So we’re gonna say your platforms are required to moderate in one way or another. In theory they’re saying we’re protecting expression, we’re allowing more expression. But in so doing, they’re telling these companies that you have to do something with your private property. Like, well, you have to allow this protest to occur. You have to allow someone to use your property or to express their views however way they want to. And you can’t take those perspectives down. Well, people have a right to express themselves and use their property as they wish. And so that’s the problem in these cases. And so you see that bubbling up in the Supreme Court and on the other hand you see cases of government censorship by proxy, this jawboning problem where government actors are pressuring private sector companies to often moderate in a different way to take down content that was generally skeptical of government generally opposed to Covid lockdowns and various social media policies around Covid.

So you see in both cases, you’re seeing the increased pressure, increased growth of government activity that is gnawing away at free expression. Like I said, the Supreme Court is weighing in, so we will see how these turn out. But you can see that government is increasingly feeling like it can act on its desire to restrict speech, probably because it’s seeing increasing numbers of people in the country that are supportive of restrictions and increasing the number of people who have bought into various ideologies that say it’s okay for us to restrict certain kinds of speech.

So that pessimism, while it may have started as in sort of an academic fringe theory, I think has really worked its way into a culture that is largely not capable of tolerating views that are not their own canceling other people and has grown into, morphed into governments seeing maybe we have some room here to expand our reach and ability to restrict expression, in a way that, like I said, is harmful and is, I said, that is clearly important enough for the Supreme Court to take up.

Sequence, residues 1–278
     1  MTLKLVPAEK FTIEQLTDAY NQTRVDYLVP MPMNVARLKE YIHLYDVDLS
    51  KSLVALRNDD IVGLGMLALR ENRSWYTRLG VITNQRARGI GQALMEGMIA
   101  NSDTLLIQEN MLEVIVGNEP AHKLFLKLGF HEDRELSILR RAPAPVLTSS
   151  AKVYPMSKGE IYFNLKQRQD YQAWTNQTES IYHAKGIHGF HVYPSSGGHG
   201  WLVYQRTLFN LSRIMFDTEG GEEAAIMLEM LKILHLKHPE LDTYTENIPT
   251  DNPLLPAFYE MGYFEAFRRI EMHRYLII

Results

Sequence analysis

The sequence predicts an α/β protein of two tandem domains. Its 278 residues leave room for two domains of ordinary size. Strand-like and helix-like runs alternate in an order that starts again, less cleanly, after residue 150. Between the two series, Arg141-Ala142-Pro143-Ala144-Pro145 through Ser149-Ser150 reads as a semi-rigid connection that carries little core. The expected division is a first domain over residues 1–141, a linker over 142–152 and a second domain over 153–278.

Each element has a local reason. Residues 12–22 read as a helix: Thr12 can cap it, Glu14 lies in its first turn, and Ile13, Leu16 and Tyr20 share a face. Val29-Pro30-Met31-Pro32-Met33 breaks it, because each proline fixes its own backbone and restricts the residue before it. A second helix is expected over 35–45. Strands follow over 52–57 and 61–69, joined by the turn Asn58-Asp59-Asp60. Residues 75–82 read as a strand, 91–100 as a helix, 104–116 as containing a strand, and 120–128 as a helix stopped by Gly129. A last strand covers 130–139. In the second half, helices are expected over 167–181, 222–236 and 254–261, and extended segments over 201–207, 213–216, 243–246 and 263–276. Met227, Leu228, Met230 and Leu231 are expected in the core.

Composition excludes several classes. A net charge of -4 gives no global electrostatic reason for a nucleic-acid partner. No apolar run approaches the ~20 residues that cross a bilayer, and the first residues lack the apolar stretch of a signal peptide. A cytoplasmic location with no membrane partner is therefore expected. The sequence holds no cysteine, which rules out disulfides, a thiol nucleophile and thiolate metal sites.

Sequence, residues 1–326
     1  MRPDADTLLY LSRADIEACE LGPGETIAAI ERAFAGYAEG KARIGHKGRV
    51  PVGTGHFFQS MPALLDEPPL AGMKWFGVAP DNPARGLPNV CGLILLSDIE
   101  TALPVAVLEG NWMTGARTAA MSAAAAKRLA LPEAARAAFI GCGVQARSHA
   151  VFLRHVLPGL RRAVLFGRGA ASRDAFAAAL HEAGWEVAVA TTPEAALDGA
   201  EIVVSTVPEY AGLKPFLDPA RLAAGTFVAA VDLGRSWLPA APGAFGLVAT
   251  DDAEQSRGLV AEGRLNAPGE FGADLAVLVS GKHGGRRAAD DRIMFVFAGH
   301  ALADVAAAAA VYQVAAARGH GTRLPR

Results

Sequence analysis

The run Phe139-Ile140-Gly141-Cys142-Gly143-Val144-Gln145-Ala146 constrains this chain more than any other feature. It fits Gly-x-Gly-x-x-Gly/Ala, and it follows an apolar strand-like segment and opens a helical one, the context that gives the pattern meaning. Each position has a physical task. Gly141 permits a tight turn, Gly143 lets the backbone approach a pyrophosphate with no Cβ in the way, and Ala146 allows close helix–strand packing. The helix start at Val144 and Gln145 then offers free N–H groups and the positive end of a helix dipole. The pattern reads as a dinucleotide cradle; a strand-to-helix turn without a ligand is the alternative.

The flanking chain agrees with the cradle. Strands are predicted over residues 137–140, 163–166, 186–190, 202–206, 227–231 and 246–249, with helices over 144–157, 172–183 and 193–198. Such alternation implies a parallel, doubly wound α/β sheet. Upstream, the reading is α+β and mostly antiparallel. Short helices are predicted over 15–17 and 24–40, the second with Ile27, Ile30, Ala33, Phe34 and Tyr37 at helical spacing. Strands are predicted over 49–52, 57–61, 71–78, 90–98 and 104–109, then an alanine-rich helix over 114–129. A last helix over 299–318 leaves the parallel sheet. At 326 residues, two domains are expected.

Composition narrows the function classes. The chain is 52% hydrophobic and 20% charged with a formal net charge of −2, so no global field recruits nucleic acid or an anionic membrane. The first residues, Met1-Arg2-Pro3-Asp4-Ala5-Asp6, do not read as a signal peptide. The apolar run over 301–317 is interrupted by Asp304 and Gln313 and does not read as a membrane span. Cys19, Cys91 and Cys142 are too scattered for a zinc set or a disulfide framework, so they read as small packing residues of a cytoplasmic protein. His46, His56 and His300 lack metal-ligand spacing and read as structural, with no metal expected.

Chelsea Follett: We usually try to end this podcast on a positive note. Obviously a lot of this has been very concerning, but if you could make the case to someone who is skeptical of freedom of speech for it being a powerful force for human progress, how would you do so?

David Inserra: I would make… I think I will make a couple points. The first is that for people who believe that we need to restrict speech, I would immediately warn you about, the power to restrict and control speech will almost always end up in someone else’s control. Someone who you don’t like. We’ve got an election coming up this year. And so any, for instance, bills that were passed, that could be passed even, even if you forget the constitutional issues, any power you work to grant the government, that is gonna go into another, potentially another government’s hands within a year’s timeframe. And so people who are worried about how does this… Does this hurt the minority groups? Does this harm our democracy? Does this… Is this misinformation is getting in the way of us finding the truth?

Just keep in mind that you will always have the problem of, well, on whose authority are you making these calls if you’re giving this power to government? That power will always change hands. And you don’t want to see that, you just don’t. So set a, at a sort of purely, if you’re thinking at a political level, just think about the repercussions of the power you’re going to be potentially granting to your political opponents who can weaponize it against you. So that alone should be like, you are right, I don’t want to do this, but I think more, more meaningfully, we should support freedom of expression because it is, I think, one of the greatest tools that we have as you plan for advancing human progress in any number of spheres. If you want to find out what is true and what is false, free expression helps us with that.